In the case of a pulsed-beacon/tracker system, the time-of-arrival of signal pulses is unknown; unless, of course, an auxiliary radio channel were proveded. However, such a system complexity is not needed because the rate-of-arrival of signal pulses is still precisely known. There is shown in FIG. 6 a detection circuit which includes a matched filter for the beacon signal and also includes a reference pulse time lock detection circuit. The reference pulse time lock detection circuit extends applicability to the case of the pulsedbeacon/tracker system. The reference-pulse train is derived from the sum of the signals impinging on the two photo-detectors 38, 39 (FIG. 3). This reference pulse train is stepped, sequentially, through a range of delays produced by the step-variable delay. The step generator causes the step variable delay to produce incremental steps in delay which are comparable to the widths of the signal pulses. The period of each incremental 5 delay step is larger than the period between signal pulses, and is controlled by the .periodic step delay trigger pulses. Thus, an incremental step in delay is produced for each step-delay trigger input. At that particular time when the stepped delay causes a timecoincidence of the beacon signal pulses and the reference signal pulses at the matched filter gate, a correlated output signal occurs. The correlated output signal is fed back to the delay lock gate and inhibits that gate from passing further input trigger pulses. Thus, the step-generator ceases to step further, and the step variable delay locks at that value of delay which caused the matched filter output signal. If reference lock is lost, the step-variable delay automatically recycles until synchronization is regained.
Turning now to FIG. 7, the centroid determination is accomplished in the following manner. The image blur diameter above a fixed (or AGC) threshold is first measured, simply by counting pulses. In FIG. 7, this is the quantity A B. Theposition of the image center from the reference (in that coordinate direction), is then measured and computed. In FIG. 7, this is the quantity C [(A B)/2]. The measurement and computation of the centroid position is completed within 1 millisecond (or less) of the time of the blur diameter measurement. This time interval should be faster than the amplitude fluctuations caused by atmospheric turbulence. The processing alternates between signals representing the reticles orthogonal scanning coordinates. Thus, the position of the centroid of the image blur is determined for each successive pair of readings. The rate of determining the centroid position may be as high as 100 per second, using a target beacon pulsed at 50 Kpps.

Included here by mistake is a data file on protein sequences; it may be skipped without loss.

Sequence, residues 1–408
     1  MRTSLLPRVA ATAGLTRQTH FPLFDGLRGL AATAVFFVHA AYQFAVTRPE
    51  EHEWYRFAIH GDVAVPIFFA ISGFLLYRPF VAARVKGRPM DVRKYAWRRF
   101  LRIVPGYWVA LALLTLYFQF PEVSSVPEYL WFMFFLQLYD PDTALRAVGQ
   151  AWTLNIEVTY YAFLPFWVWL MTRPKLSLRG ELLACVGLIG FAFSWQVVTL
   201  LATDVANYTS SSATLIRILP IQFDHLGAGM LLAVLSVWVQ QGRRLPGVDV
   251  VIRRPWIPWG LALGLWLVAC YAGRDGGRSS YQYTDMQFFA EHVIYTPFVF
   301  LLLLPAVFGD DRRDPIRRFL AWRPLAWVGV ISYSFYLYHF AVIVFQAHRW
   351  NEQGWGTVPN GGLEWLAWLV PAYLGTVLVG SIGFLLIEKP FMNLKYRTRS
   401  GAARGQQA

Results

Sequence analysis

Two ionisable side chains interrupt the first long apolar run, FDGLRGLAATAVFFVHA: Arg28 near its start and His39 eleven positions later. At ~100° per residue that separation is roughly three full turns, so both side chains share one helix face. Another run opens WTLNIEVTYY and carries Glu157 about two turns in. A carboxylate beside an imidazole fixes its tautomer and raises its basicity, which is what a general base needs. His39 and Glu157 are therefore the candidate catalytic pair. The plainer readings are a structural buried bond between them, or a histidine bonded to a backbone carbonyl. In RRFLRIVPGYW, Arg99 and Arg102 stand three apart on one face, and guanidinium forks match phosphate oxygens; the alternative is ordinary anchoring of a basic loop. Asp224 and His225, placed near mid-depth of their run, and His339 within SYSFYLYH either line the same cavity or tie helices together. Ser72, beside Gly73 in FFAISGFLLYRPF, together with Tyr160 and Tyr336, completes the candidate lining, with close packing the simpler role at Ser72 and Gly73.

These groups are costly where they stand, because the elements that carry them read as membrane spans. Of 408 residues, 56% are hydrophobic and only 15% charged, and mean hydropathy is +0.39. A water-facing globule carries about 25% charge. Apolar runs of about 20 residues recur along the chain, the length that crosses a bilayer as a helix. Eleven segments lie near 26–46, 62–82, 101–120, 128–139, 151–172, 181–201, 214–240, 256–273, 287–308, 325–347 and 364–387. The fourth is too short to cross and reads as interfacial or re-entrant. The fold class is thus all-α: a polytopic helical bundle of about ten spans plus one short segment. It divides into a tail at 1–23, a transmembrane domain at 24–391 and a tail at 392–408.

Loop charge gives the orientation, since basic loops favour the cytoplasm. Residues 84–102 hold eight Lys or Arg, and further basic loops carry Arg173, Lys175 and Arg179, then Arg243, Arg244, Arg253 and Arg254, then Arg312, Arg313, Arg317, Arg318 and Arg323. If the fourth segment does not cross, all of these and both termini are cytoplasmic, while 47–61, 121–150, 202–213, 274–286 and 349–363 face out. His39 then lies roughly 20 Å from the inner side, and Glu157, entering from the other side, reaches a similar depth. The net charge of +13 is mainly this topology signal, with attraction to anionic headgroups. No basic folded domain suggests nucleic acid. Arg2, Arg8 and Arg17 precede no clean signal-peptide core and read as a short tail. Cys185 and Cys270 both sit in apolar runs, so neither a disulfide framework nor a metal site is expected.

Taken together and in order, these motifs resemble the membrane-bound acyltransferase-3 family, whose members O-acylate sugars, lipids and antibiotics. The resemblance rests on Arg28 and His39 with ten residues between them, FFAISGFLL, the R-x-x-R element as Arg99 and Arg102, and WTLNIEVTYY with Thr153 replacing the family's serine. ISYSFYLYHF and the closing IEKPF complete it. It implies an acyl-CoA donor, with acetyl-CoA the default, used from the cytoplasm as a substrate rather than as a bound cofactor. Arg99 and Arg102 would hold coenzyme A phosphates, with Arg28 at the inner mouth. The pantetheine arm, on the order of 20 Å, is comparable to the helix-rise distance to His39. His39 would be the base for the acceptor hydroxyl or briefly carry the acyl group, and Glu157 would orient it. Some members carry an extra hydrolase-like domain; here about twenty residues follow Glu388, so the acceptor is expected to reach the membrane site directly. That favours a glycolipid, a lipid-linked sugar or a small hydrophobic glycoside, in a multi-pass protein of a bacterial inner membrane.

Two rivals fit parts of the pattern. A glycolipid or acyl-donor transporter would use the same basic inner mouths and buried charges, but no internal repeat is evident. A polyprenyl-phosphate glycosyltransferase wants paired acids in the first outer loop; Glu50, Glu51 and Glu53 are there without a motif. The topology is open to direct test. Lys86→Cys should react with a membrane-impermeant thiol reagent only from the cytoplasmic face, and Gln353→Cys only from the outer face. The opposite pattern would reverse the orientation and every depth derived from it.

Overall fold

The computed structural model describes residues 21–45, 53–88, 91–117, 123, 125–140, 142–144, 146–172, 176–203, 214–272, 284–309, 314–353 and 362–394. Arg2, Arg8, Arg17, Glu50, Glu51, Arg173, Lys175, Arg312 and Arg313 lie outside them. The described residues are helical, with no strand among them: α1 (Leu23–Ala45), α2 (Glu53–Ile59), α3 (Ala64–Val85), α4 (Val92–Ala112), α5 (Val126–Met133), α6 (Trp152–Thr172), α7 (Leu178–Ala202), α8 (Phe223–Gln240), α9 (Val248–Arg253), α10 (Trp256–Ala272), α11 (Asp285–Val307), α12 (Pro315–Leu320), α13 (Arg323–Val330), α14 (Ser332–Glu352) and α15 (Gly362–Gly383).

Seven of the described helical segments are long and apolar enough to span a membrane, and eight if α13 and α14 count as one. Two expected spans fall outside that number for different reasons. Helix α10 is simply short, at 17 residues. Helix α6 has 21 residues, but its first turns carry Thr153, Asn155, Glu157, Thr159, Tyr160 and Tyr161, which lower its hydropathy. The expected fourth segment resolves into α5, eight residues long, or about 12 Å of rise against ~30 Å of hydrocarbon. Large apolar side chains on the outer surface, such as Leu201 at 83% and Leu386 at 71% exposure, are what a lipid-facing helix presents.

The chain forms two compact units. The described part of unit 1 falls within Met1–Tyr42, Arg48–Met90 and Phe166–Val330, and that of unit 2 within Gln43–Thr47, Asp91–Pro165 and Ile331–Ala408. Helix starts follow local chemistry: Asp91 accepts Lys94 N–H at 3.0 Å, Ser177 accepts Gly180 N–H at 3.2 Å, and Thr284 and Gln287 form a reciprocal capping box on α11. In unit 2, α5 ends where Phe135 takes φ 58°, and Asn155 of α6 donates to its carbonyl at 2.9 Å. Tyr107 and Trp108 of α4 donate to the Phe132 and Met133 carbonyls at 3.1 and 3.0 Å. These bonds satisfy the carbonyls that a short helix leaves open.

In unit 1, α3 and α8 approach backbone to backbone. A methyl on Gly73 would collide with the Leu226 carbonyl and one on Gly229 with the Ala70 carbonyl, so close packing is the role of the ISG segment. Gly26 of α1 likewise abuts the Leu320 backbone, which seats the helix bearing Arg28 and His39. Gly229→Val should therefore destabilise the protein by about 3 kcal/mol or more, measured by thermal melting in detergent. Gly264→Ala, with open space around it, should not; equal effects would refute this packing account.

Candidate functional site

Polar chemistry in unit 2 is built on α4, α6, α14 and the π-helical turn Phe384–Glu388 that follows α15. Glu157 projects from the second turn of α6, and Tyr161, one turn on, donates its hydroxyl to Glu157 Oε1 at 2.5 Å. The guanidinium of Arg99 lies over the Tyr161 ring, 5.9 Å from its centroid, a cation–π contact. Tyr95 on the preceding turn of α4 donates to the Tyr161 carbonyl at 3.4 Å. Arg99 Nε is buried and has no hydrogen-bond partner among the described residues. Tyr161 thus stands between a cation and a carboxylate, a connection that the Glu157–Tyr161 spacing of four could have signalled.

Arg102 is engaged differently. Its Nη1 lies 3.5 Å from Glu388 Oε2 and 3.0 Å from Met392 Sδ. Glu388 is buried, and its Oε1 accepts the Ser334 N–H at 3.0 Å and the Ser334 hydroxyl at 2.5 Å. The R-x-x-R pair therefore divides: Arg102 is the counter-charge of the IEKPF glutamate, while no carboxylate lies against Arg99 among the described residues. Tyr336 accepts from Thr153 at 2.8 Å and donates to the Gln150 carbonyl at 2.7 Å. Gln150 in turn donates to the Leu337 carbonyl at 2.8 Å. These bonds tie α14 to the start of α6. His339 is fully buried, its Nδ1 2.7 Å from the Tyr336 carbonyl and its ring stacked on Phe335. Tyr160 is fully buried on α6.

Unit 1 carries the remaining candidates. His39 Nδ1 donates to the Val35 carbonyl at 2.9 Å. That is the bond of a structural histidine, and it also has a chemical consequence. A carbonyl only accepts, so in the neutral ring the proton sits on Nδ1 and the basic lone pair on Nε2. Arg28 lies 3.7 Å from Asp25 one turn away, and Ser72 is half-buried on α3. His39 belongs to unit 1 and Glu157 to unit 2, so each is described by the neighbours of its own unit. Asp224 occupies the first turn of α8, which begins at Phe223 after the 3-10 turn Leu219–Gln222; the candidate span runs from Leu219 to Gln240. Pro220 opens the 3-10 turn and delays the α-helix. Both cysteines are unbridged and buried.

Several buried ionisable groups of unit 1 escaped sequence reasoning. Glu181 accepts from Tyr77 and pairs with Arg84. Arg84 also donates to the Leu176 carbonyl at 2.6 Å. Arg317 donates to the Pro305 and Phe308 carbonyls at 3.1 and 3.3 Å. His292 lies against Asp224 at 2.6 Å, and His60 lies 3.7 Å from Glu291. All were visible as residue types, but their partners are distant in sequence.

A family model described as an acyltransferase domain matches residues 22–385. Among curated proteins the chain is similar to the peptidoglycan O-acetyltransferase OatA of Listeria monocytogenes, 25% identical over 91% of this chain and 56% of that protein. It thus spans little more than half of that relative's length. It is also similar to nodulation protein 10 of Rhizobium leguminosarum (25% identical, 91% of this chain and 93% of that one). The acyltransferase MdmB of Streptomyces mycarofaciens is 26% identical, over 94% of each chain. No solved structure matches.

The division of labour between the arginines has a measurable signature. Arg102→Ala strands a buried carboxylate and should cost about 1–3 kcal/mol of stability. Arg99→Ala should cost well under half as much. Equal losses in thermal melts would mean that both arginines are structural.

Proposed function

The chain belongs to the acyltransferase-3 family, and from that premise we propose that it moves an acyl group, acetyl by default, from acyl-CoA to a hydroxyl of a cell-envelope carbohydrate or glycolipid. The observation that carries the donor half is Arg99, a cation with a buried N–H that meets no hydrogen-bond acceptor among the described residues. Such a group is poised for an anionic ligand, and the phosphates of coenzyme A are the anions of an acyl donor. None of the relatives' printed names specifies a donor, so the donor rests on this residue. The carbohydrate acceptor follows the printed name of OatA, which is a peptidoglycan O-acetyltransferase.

In the encoding reticle design which was illustrated in FIG. 4, the width and separation of the opaque bars is shown as subtending 125 urad in the image field of l mrad. This value was chosen on the basis of very preliminary experimental measurements of image blur diarneters under very bad seeing" conditions, over short ranges with a large aperture telescope. The design of the bar widths in a compromise between being wide enough to substantially occlude the largest expected image blurs while being narrow in order to minimize the time interval during which the centroid position is measured and computed. In an alternative embodiment, it may be possible to insert field lens before the reticle in order to change the relative angular dimensions of the reticle bar pattern and the image field. The appropriate field lens could be selected in accord with seeing conditions.
The electro-optics section contains spectral filters for reducing or eliminating response from sky background irradiance. When used with the GaAs laser array beacon, a filter width of 100 A centered at 8,550 A appears appropriate. When used with a YAG laser illuminator, it is expected that the filter width may be quite narrow, say A, centered at 1.06 u. Sky background radiance values have been judiciously chosed, weight being given to the experimental values which were available. These values for approximately 10 elevation angle, at the beacon wavelengths are:
Background Radiancs For GaAs beacon For YAG illuminator A range equation has been derived for the GaAs beacon/tracker system. In the analysis, it was presumed that the various discrimination techniques render the system insensitive to sky background radiance transients and other spurious signals, and is detector noise limited. The transmission factor of the optics is neglected.
P, beacon peak power (watts) l Kw D diameter of tracker aperture (M) .38 M Y atmospheric transmission factor 0,, beamwidth of target beacon 57.3 S/N peak signal-to-4 times RMS Noise Ratio l0 NEP photo-multiplier noise-equivalent'power 8 X 10' w/Hz (Quantum eff. 5 percent) Bw bandwidth 4 MHZ Solution of this range equation shows that beacon power and beamwidth are quite adequate for the application.
Range For Vacuum Path 400 KM For Clear Path (VMR 22-45 Km) 41 Km For Hazy Path (VMR 4.5-ll Km) 16 Km In the latter case, for the hazy path, wherein the atmopsheric transmission factor,